An alternative to investing in live stream equipment would be to partner with another local church who does have the live-stream capabilities. If they allow this, you can save your funds to serve your neighbors who will be facing economic hardship in this time.

7. Tap into your small groups: If your church decides not to hold any weekend gatherings, the next best step is to encourage small groups in homes to gather, view a stream, and have some sermon-based discussion content. This means mobilizing many host homes willing to host gatherings, posting locations, and training them also to host online. The opportunity here is to expand your current small group system in a rapid way, and completely online if necessary. Next step is to mobilize a team to establish a plan should this option be needed.

8. Giving: During times of crisis, giving is undoubtedly affected. Use this as an opportunity to teach regularity in stewardship. Ministries still continue, and missionaries still need support, even if the church is not meeting regularly. And your church is still in need of loyal stewards who will walk with you through thick and thin.

Your church may already be using online giving. This is a great time to remind your church how easy it is to set up and use. Prepare an easy step-by-step guide for utilizing your online giving as well as setting up recurring giving, and include it in your communications.

If you are still holding services, brainstorm alternative solutions to passing a plate that are less hands on.

9. Ministry through your members: This is a great opportunity to get your church focused on caring for friends, neighbors, and coworkers. If you ask, “As you find people impacted that we can serve, would you please let us know?” this reporting system could be met with the response of many possibilities.

First, there’s getting that front-line friend to take responsibility for ministering to the family impacted through practical measures of concern. Second, pastors can make phone calls or possibly even visits to those impacted: “I’m the pastor of xyz church and your friend Mrs. X says you are ill with the virus. How can we pray for you? We think you matter to the world and to God. Can I add you to my regular prayer list.” Then frequent follow up calls or notes are appropriate. This will be a time to BE BOLD in sharing the gospel.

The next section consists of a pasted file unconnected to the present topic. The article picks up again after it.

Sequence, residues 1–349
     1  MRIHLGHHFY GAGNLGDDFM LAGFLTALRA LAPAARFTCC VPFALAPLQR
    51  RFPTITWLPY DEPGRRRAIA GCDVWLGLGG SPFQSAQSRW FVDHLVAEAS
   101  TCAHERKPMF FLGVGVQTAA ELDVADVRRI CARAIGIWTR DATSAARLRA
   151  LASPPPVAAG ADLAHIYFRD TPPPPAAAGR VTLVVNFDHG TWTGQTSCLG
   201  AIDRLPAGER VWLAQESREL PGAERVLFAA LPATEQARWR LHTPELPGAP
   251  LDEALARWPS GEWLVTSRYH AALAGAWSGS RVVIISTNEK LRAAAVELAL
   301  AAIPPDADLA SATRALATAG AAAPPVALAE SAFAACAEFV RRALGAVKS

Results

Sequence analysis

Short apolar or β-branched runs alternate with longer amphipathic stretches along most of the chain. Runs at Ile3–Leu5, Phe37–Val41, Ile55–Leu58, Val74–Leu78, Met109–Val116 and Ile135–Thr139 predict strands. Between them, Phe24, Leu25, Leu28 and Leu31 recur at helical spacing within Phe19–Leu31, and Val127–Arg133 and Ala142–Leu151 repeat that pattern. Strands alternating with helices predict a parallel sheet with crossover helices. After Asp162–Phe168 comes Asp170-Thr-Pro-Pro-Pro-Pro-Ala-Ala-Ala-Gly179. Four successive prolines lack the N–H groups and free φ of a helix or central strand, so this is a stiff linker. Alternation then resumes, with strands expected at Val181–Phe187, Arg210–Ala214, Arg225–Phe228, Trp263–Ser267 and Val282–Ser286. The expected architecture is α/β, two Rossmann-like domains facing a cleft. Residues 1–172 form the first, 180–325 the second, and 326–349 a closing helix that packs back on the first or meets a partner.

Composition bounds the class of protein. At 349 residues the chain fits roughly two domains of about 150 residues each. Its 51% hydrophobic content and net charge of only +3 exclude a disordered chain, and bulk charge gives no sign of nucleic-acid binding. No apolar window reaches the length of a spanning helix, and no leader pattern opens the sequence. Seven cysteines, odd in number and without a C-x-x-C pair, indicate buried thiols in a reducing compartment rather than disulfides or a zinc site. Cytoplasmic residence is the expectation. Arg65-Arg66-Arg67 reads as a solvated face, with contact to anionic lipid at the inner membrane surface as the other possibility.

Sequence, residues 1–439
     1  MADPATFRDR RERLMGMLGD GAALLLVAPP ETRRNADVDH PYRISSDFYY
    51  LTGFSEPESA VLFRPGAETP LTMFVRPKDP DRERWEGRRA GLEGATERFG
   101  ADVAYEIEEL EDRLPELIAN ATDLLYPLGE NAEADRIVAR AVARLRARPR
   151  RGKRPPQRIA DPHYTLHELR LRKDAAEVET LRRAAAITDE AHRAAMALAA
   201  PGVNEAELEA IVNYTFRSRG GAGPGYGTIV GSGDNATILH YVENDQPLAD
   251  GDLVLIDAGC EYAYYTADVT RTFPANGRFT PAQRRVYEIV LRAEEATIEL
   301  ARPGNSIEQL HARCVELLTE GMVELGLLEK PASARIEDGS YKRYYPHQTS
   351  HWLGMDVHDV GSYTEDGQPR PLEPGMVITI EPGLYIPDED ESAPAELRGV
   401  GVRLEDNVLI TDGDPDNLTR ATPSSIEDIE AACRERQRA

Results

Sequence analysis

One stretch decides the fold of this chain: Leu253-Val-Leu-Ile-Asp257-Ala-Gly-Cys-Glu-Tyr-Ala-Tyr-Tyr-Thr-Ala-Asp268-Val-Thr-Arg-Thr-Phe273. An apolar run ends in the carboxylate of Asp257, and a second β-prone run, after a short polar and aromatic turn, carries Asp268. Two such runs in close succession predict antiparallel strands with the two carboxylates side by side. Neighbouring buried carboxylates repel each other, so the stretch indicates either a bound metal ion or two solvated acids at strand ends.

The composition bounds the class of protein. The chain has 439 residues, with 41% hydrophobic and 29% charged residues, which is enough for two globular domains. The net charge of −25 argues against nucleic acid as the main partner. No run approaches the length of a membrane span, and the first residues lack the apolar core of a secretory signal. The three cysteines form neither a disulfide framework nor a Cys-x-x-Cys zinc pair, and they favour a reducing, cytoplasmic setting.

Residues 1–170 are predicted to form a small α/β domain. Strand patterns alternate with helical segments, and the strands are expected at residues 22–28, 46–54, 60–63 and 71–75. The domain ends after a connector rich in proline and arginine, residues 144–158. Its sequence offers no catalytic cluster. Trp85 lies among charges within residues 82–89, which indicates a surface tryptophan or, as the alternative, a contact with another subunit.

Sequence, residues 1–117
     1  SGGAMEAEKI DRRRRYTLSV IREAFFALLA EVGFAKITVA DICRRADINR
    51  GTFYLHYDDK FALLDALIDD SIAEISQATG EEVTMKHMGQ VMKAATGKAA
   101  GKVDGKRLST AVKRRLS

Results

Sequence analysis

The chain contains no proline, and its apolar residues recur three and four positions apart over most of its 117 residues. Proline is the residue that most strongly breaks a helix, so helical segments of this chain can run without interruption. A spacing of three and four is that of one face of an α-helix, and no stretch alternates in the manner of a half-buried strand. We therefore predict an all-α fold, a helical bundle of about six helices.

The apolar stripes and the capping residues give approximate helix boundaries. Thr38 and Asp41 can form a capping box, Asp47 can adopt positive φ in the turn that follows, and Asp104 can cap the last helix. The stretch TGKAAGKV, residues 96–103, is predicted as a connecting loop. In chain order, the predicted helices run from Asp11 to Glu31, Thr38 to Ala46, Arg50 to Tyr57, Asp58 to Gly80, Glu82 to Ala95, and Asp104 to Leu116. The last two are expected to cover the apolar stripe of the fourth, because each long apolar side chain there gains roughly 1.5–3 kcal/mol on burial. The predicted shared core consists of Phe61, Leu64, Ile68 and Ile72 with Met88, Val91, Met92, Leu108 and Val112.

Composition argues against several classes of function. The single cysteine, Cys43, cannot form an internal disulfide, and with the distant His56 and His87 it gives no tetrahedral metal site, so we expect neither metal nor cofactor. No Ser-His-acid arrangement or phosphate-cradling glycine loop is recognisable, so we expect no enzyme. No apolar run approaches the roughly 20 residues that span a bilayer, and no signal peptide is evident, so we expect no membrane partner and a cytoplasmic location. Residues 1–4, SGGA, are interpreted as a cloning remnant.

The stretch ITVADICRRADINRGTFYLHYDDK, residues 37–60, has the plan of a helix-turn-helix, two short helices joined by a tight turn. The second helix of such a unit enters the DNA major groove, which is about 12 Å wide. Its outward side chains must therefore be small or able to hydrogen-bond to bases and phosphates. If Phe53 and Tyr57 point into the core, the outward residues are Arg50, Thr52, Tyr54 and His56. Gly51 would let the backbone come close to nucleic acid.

Boldness rules, and Christians have always led the way in times of disaster or crisis as we focus on our hope in the Lord and his providence for us.

1o. Alternative engagement: Consider engagement tactics beyond the normal. Increase in smaller prayer and worship nights for a month. Invite people by alphabet to attend a worship/prayer night on every night of the week. Example – if your last name is A-D please attend our special MONDAY service, if E-J attend TUESDAY, etc.

  • Bulk up a special Spotify playlist of worship songs focused on God’s presence, healing, and salvation. Share it widely via social media.
  • Consider a “daily dose” audio podcast that is a daily message of prayer, affirmation, and teaching (2-5 minutes).
  • Use Instagram and Facebook Live to stay connected with your people.

11. Prepare for schools closures: As schools close and move online, this is also a good opportunity to reach out to parents and children with online alternatives.

Consider worksheets with short videos, even story times as age appropriate, for a 15 or 30 minute “lesson” daily or a few times a week. Again, take the opportunity to build a more regular pattern of engagement. Distribute via email and social media, and encourage your parents to share with other parents.

And pray for revival! Crises can also lead to reawakenings. Most people come to faith during a crisis, or at some turning point in their lives. I will never forget the day I witnessed more than 400 people being baptized on one day right after September 11, 2001 at a church with a strong military presence. People realized they needed God, and they were turning to his church for answers. This could be a marvelous harvest season if we respond not from fear but with compassion and boldness.